While Sam was visiting Tim again, they notice that cows are making some noises. They run out and Tim gets all but the missing cow back into the barn, while Sam chases the thief. When he finally caught up to them, they knock Sam out. They accuse Sam of stealing. Despite the whole family trying to prove that it wasn’t Sam who was stealing, the court decides Sam to be shot.
Tim gets so mad that he takes his bayonet and sharpens it as much as he can and goes after Sam. When he reaches the prison area, the guard is asleep and he briefly considers killing him. In the end, he finds that he cannot take a life, and starts to run. The prison guard wakes up and Tim throws his bayonet over the wall yelling “Sam catch!” He continues to run trying to dodge the bullets fired at him. On his way up the hill, he feels a tug in his left shoulder. It’s a shot, but he just keeps on running. Once on a safe distance, he realises that Sam probably wasn’t even in his cell; in fact, as it seems, nobody was – they were already moved out of there.
Finally the execution day comes and the crowd is watching. First, there are two men who got hundred lashings; then there is a man who’s to be hanged, and then – Sam. They put a pillow case over his face; the three men hold their guns pointed at him. The guns are so close, that they’re almost touching. BOOOOM!!! The guns go off, but Sam isn’t dead just yet – they were standing so close that the explosion from the guns caught him on fire. He was squirming on the ground, and finally another man shot him. He stops moving and Tim feels very angry.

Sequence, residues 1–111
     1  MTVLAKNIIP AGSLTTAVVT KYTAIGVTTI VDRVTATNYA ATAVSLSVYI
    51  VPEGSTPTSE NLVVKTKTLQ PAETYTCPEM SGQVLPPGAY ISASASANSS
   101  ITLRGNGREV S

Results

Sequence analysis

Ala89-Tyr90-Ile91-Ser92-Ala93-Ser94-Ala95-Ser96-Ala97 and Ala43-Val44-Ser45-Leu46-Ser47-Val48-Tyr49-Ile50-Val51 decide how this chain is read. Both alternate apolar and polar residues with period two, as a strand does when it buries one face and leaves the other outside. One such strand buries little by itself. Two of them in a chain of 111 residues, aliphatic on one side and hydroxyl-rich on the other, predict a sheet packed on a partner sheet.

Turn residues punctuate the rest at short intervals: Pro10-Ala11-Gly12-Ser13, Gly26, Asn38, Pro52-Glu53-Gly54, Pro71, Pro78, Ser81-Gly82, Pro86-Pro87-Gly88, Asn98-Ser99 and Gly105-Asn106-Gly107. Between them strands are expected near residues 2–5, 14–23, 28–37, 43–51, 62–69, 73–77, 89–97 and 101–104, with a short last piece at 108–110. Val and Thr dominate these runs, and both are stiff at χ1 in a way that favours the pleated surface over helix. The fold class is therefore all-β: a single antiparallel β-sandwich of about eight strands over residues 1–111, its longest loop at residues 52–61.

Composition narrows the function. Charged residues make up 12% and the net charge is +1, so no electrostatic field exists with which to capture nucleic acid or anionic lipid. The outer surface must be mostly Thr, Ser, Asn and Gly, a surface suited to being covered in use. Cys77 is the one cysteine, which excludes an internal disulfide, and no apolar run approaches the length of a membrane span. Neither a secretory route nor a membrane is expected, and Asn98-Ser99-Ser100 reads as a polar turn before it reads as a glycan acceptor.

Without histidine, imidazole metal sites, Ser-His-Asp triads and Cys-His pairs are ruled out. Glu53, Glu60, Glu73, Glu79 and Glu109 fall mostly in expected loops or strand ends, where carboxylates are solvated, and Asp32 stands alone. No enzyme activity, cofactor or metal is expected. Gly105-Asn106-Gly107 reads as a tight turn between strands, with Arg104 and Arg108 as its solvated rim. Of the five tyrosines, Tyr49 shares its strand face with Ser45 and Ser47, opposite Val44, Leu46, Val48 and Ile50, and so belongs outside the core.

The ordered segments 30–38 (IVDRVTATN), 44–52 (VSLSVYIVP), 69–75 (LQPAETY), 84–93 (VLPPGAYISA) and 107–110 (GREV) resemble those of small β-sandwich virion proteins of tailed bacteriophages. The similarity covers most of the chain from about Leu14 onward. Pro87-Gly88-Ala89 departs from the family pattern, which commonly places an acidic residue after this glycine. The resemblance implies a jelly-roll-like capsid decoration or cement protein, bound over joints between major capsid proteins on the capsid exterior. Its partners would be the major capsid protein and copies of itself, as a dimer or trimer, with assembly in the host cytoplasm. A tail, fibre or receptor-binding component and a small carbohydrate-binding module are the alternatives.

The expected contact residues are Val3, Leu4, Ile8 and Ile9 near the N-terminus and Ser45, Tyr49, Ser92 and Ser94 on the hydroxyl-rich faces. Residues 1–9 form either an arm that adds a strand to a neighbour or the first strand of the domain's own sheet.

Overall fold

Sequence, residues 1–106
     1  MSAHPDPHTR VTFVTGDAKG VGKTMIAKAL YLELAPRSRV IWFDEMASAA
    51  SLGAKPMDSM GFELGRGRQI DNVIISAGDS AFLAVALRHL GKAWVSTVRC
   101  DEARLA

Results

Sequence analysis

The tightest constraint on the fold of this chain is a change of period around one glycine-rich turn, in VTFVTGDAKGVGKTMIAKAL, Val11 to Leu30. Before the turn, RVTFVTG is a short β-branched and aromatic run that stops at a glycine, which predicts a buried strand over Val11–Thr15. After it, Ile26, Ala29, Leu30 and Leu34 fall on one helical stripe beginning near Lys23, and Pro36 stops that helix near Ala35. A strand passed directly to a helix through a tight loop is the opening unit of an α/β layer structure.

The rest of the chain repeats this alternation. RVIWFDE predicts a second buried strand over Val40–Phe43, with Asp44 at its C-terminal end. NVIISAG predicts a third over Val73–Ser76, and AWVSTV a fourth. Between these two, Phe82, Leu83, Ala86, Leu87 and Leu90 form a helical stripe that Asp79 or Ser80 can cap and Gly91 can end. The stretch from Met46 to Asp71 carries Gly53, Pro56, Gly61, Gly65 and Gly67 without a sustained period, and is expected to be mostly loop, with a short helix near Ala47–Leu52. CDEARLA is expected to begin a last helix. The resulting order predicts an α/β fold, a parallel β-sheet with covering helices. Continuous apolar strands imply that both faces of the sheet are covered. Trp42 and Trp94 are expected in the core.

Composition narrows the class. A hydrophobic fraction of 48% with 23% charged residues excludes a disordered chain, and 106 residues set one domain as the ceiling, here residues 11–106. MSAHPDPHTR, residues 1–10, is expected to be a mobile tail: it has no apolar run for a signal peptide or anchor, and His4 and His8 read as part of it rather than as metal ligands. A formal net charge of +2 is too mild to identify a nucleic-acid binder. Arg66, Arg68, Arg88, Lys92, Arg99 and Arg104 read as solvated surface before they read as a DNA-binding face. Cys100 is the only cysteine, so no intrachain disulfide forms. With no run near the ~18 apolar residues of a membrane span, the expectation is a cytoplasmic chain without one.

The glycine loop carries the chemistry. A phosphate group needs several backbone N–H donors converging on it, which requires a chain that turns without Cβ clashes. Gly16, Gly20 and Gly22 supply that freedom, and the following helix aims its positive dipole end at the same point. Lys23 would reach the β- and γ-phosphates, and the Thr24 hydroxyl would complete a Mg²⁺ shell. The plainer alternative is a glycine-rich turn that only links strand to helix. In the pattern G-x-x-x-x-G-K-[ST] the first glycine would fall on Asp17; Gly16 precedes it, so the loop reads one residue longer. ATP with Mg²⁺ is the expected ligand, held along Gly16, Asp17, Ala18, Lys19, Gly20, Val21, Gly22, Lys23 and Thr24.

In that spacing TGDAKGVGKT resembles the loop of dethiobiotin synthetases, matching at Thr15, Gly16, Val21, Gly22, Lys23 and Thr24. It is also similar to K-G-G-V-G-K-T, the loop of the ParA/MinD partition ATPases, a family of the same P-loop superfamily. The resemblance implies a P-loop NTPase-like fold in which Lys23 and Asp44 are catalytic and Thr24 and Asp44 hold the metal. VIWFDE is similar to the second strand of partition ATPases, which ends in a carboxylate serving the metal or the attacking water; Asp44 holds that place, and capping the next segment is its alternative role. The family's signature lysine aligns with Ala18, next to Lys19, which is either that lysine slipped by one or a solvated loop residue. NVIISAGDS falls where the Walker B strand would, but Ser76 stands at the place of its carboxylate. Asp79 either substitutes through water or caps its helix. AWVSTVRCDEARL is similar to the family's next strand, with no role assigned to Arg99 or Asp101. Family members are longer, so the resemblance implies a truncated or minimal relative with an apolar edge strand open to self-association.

After the war, Tim and his mother move out of the town they’ve hated so much. They move to Pennsylvania. Tim marries and starts his own tavern. Despite being such a strong woman, Susannah would never talk or even be nice to any American because she’s lost a son and her husband due to this war!
The story takes place during the Revolutionary War from about 1775 to 1779 in Redding, Connecticut, with some parts taking place in New York and other small towns.
Even though the book is named after Sam, the story is told by his younger brother Tim. We learn everything from Tim’s point of view. At the beginning of the story he’s just 12 years old, and by the end of the events that marked his life, he’s 14. He is smart just like his brother; he only has different, slightly better circumstances. We meet him timid especially in really scary situations; and, as he gets older, we see how he gradually finds his courage. When he was younger he always wanted to do what Sam did, but when he became older and mature, he realizes that he can think for himself. By the end, he is a mature young adult who always does what needs to be done without playing games with his mother just to get out of chores. Instead he gets down to work and is not afraid to get his hands dirty to get things done.